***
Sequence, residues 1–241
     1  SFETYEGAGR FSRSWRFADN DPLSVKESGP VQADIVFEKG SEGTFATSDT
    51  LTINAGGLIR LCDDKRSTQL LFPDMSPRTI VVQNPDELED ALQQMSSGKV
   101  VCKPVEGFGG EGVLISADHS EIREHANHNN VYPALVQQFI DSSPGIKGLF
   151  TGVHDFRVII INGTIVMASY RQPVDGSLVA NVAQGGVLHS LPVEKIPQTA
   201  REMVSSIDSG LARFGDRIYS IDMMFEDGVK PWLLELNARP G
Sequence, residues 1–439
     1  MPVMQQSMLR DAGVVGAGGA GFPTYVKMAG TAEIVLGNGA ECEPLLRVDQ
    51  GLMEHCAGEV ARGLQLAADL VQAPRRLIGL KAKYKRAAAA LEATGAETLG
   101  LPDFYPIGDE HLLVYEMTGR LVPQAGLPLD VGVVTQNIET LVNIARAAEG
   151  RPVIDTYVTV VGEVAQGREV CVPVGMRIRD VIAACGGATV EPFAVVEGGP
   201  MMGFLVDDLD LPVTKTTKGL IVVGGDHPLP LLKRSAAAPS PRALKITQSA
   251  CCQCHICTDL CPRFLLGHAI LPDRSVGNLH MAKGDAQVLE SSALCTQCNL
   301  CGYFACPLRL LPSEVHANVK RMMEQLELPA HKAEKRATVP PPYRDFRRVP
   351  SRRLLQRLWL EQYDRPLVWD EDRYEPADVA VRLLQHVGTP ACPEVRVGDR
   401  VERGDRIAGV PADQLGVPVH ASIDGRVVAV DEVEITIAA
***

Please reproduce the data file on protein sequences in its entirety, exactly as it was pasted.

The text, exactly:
Sequence, residues 1–241
     1  SFETYEGAGR FSRSWRFADN DPLSVKESGP VQADIVFEKG SEGTFATSDT
    51  LTINAGGLIR LCDDKRSTQL LFPDMSPRTI VVQNPDELED ALQQMSSGKV
   101  VCKPVEGFGG EGVLISADHS EIREHANHNN VYPALVQQFI DSSPGIKGLF
   151  TGVHDFRVII INGTIVMASY RQPVDGSLVA NVAQGGVLHS LPVEKIPQTA
   201  REMVSSIDSG LARFGDRIYS IDMMFEDGVK PWLLELNARP G
Sequence, residues 1–439
     1  MPVMQQSMLR DAGVVGAGGA GFPTYVKMAG TAEIVLGNGA ECEPLLRVDQ
    51  GLMEHCAGEV ARGLQLAADL VQAPRRLIGL KAKYKRAAAA LEATGAETLG
   101  LPDFYPIGDE HLLVYEMTGR LVPQAGLPLD VGVVTQNIET LVNIARAAEG
   151  RPVIDTYVTV VGEVAQGREV CVPVGMRIRD VIAACGGATV EPFAVVEGGP
   201  MMGFLVDDLD LPVTKTTKGL IVVGGDHPLP LLKRSAAAPS PRALKITQSA
   251  CCQCHICTDL CPRFLLGHAI LPDRSVGNLH MAKGDAQVLE SSALCTQCNL
   301  CGYFACPLRL LPSEVHANVK RMMEQLELPA HKAEKRATVP PPYRDFRRVP
   351  SRRLLQRLWL EQYDRPLVWD EDRYEPADVA VRLLQHVGTP ACPEVRVGDR
   401  VERGDRIAGV PADQLGVPVH ASIDGRVVAV DEVEITIAA